Finally, the third rule is to evidence our desire for salvation “by attending upon all the ordinances of God.” These are: public worship, the ministry of the Word, the Lord’s Supper, family and private prayer, studying the Scriptures, and fasting or abstinence. Kennedy affirms Wesley’s promotion of “holy habits” that build our spiritual lives. “[Wesley] was careful to dismiss those who fell away from their obligations, for he knew that such carelessness could destroy the societies. We are not a people under law but under grace. Still, we will lose our way unless we have guideposts and regulations.”
What strikes one is the systematic way that Wesley and Methodism pursues salvation and holiness. This important pursuit is not left to chance, but is carried out in intentional, methodical ways. Just as discipline focuses our use of time, it also focuses our efforts on doing good, avoiding evil, and engaging the spiritual disciplines, the means by which God has ordained for us to grow in likeness to Christ.
Methodism was characterized by the expectation that God would grow the Christian into spiritual perfection. As Jesus said, “Be perfect, therefore, as your heavenly Father is perfect” (Matthew 5:48). As Wesley understood it, this does not mean perfect in the sense that we never make a mistake. Rather, it is a level of spiritual maturity whereby we are so filled with the love of God that we do not commit any intentional sin. A familiar saying among Methodists is that we are “going on to perfection.”
Most of us may never reach that goal in this life. Wesley himself never professed to have reached perfection. But if we stop striving toward it, we will settle for being much less than we could be.
These high expectations were manifested in an approach to church membership that was characterized by discipline. Kennedy states that of all the thousands of people who professed conversion in the great revivals on the American frontier, “probably not more than a fourth ended up as members [in the Methodist Church]. Candidates for church membership were carefully examined, taught, sifted. They had to attend classes and testify as to the condition of their souls. Nor was it unusual to have members dismissed for failing to live up the rules of the Methodist Church.”
This high expectation has been lost in many churches today, Methodist and otherwise. Studies in church growth over the years have shown that “high-expectation churches” tend to experience greater numerical growth, as well as (hopefully) greater spiritual maturity. The 1950’s before Kennedy wrote his book was a period of some of the highest church attendance in U.S. history. He alludes to the fact, however, that such a “return to church” had not had the equivalent expected impact on the culture of the time. “If the return to religion in our day has not resulted in the moral and spiritual renewal of our society, it is the fault of the churches. If we fail to make clear what Christianity demands, we need not be surprised if our members take the whole affair lightly. The Church only cheapens itself when it fails to make demands and hold up standards.”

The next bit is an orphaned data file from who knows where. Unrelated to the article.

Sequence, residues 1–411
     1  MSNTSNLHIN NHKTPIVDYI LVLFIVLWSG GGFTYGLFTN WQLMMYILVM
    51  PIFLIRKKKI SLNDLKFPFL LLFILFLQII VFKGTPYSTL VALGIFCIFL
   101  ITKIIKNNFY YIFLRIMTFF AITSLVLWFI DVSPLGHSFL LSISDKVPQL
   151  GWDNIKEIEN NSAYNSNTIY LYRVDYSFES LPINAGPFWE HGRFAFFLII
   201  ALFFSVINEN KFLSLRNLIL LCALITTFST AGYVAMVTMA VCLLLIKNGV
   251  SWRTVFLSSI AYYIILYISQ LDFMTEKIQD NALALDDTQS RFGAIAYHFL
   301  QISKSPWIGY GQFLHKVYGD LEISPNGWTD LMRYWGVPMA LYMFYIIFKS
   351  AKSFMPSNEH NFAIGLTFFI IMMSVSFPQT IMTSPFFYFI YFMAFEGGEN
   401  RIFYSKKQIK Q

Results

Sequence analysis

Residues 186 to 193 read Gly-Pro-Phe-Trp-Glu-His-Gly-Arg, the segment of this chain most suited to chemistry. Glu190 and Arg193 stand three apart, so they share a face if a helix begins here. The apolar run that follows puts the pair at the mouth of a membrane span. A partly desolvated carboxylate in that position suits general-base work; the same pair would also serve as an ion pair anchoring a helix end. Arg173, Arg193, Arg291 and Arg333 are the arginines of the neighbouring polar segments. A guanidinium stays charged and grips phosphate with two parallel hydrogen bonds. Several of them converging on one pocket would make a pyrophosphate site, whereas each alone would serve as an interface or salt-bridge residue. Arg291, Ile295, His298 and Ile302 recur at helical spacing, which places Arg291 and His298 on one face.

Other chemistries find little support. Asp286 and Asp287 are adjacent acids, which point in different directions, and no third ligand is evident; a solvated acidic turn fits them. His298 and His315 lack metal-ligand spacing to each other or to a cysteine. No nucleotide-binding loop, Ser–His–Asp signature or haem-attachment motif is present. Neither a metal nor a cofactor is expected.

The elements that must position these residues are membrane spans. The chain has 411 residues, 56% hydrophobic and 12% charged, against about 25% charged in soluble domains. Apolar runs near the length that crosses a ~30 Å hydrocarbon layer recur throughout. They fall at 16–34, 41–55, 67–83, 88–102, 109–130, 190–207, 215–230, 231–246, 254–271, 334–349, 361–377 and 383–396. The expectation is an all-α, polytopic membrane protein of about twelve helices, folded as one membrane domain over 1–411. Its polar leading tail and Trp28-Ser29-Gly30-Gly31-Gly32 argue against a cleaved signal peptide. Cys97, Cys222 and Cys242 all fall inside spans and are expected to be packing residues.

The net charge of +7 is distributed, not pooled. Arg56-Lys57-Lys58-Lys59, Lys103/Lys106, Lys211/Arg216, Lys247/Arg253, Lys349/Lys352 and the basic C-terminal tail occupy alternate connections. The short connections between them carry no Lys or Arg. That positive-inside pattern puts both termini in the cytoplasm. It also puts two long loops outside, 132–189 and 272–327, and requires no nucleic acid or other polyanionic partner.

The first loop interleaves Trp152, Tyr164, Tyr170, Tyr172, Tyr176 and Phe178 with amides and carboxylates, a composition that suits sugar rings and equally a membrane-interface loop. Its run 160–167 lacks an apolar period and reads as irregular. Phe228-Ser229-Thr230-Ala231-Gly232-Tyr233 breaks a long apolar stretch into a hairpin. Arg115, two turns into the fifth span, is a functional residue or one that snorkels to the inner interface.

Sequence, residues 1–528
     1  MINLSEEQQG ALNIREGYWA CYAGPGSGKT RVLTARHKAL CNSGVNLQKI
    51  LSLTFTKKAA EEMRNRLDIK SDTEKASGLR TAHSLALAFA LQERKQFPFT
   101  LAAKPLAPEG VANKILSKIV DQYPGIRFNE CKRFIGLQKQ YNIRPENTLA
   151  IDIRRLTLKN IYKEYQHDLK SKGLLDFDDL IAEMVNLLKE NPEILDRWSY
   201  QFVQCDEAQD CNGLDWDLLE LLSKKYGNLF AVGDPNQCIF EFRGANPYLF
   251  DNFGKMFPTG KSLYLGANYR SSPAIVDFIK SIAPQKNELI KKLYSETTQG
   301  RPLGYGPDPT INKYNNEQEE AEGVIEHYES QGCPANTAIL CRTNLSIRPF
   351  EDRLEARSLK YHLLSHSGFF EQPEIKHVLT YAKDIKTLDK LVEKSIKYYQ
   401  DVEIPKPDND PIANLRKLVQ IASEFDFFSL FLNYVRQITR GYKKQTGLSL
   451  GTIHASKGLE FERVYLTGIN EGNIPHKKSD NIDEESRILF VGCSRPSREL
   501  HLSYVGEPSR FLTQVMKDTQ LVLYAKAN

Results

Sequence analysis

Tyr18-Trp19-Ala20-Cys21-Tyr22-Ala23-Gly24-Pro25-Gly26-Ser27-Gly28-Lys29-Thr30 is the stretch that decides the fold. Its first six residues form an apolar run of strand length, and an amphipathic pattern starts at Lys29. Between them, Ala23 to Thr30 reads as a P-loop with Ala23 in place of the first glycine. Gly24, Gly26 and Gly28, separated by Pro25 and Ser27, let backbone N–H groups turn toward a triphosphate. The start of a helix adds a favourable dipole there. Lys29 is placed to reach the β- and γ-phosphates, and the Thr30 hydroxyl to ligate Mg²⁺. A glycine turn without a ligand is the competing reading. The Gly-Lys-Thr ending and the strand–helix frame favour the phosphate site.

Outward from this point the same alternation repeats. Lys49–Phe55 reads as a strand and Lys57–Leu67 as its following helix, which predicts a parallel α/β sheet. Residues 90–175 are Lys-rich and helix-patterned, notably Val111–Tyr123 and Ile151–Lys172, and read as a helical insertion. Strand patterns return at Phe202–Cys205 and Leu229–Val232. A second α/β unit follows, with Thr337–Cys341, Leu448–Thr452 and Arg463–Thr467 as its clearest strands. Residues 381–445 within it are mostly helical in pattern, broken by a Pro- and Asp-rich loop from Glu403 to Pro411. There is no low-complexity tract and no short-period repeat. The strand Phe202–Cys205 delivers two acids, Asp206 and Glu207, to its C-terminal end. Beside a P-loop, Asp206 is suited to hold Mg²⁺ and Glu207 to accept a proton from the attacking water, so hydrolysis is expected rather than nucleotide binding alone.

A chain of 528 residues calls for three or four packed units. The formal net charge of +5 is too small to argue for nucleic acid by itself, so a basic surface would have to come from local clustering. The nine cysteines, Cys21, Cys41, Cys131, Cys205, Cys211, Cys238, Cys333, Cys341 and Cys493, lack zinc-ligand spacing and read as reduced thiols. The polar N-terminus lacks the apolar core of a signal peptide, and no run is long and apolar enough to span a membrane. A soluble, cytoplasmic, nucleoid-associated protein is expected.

Kennedy particularly singles out ministers for needing discipline in their lives. “True it is that our society has no more difficult profession than the ministry. Indeed, it is an impossible task as can be proved easily if you analyze what is expected from the minister by the congregation. No [one] is up to it. But it has always been true that no [one] can carry this load without divine help. The minister is driven back upon God if he [or she] is to ‘walk and not faint.’”
Indeed, this is true in a larger sense of all Christians. We are not able to live up to the high expectations God has for us. That is why we learn to depend upon God to grow us into that spiritual maturity, rather than thinking we can do it all on our own effort. Kennedy reminds us, “we never discover what God can do until our weakness drives us to Him.”
“The time has come when we must hold up The Methodist Church as something that demands the best and insists on discipline. … The Methodist Church has had its great periods of power and influence which were always times of witnessing. We still worship the same Lord, and we believe the same doctrines. If we would accept the same discipline, we could expect the same mighty results. The essential mark of our Church is a disciplined, witnessing fellowship.”